Volume 34, Issue 132 (October 2021)                   IJN 2021, 34(132): 47-62 | Back to browse issues page


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Ebrahimi E, Mohammadi Shirmahaleh F, Habibi M, Mardani Hamooleh M. Harmful Experiences Associated with Emotional Eating of Iranian Obese Women: A Phenomenological Study. IJN 2021; 34 (132) :47-62
URL: http://ijn.iums.ac.ir/article-1-3491-en.html
1- Department of Psychology, Karaj Branch, Islamic Azad University, Karaj, Iran
2- Department of Psychology, Karaj Branch, Islamic Azad University, Karaj, Iran (Corresponding author) Tel:09126081389 Email:Fatemeh.mohamadi@kiau.ac.ir
3- Health Promotion Research Center, Department of Health Psychology, School of Behavioral Sciences & Mental Health, Iran University of Medical Sciences. Tehran, Iran
4- Department of Psychiatric Nursing, Nursing Care Research Center, School of Nursing and Midwifery, Iran University of Medical Sciences, Tehran, Iran
Abstract:   (1568 Views)
Background & Aims: Emotional eating is defined as the tendency to eat in response to stress or negative emotions in order to overcome negative emotions. According to research evidence, emotional eating is harmful to health. For example, emotional eating is associated with weight gain, increased risk of type 2 diabetes, metabolic syndrome, high blood pressure, and hyperlipidemia. Therefore, it is important to identify the factors that cause emotional eating to be harmful, as it helps us to get a deeper insight into emotional eating and its harms and plan more effective educational and psychological interventions to manage emotional eating. To do this, we need to analyze the experiences of people who have had emotional eating, to explore and explain this behavior from their point of view. As a result, we can identify the various psychological, social, and cultural dimensions of emotional eating. In addition, research evidence shows that emotional eating is more common in obese people than normal weight people, and women are more vulnerable to emotional eating than men. In addition to being universal, emotional eating behavior also has culture-related characteristics. According to these points, the aim of this study was to explain the harmfulness of emotional eating in young Iranian obese women.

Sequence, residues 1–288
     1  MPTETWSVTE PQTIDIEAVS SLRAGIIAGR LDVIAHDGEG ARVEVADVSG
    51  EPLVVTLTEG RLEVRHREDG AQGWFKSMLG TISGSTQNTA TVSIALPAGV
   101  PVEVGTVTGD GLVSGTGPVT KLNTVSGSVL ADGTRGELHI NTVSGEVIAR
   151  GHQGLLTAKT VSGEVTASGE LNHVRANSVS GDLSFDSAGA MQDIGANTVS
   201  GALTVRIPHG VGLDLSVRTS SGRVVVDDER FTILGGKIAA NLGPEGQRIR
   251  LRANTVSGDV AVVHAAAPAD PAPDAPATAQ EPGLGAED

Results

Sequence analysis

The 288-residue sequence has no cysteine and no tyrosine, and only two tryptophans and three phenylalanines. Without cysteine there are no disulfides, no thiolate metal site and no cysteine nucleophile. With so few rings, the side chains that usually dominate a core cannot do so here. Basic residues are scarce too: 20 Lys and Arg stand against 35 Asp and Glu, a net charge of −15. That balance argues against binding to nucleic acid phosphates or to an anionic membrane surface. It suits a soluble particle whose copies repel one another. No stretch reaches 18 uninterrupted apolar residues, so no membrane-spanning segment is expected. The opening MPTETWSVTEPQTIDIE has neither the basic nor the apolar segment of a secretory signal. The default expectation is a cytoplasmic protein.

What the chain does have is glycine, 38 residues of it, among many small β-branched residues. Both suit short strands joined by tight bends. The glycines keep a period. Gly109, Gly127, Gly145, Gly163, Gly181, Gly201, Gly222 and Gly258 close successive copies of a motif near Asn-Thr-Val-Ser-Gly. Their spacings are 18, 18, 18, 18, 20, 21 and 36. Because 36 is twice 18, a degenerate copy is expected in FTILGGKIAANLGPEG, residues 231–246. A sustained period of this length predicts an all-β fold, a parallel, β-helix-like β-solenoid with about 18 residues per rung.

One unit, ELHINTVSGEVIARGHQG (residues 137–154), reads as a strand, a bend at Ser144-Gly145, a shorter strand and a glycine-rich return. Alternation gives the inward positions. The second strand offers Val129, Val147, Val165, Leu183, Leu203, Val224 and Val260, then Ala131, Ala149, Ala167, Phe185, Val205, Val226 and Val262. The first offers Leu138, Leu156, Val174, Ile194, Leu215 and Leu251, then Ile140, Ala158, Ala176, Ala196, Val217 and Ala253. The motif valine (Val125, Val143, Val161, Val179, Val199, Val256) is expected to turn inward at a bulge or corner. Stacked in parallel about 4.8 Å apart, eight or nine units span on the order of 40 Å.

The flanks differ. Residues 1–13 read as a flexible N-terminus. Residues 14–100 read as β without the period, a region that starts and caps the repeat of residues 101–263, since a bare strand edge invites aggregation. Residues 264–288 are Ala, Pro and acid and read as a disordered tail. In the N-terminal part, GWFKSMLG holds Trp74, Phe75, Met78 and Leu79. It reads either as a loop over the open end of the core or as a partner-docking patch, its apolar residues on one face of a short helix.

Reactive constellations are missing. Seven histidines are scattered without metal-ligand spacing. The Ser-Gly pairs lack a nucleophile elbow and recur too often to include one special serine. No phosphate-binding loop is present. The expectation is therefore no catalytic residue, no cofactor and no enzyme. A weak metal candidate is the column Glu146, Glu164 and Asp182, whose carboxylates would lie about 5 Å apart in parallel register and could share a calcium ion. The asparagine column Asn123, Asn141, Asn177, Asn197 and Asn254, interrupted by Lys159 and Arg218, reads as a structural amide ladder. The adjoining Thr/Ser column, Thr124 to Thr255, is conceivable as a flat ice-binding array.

Materials & Methods: The present study was conducted using a qualitative method and a hermeneutic phenomenological approach in 2020. Participants in this study were 17 young women aged 25 - 45 years living in Kermanshah or Karaj, with emotional eating experience and a body mass index of 30 or higher. Pregnant women were not included in this study due to their different body mass index. Participants were selected using purposive sampling method with maximum diversity approach. Data were collected through in-depth individual and face-to-face interviews. Sampling and interviews continued until the data saturation stage. The main questions asked of the participants during the interview were as follows: 1) Describe one of your emotional eating experiences and explain the thoughts, ideas, emotions and physical feelings that led you to eat at that time. 2) What other experience in your life is similar to this experience, and what does it mean to you? 3) Under what circumstances do you have the most emotional eating? And what do you think the relationship between these conditions and emotional eating means? 4) What is the difference between the times when you eat emotionally and the times when you eat normally? Also, exploratory questions were asked to analyze the deeper layers of the participants' lived experiences. Some of the exploratory questions asked in the present study were as follows: What did you mean by ....? Could you explain more? Please give an example in this regard? Data analysis began at the same time as data collection process. Dickelman's 7-step method was used to analyze the data.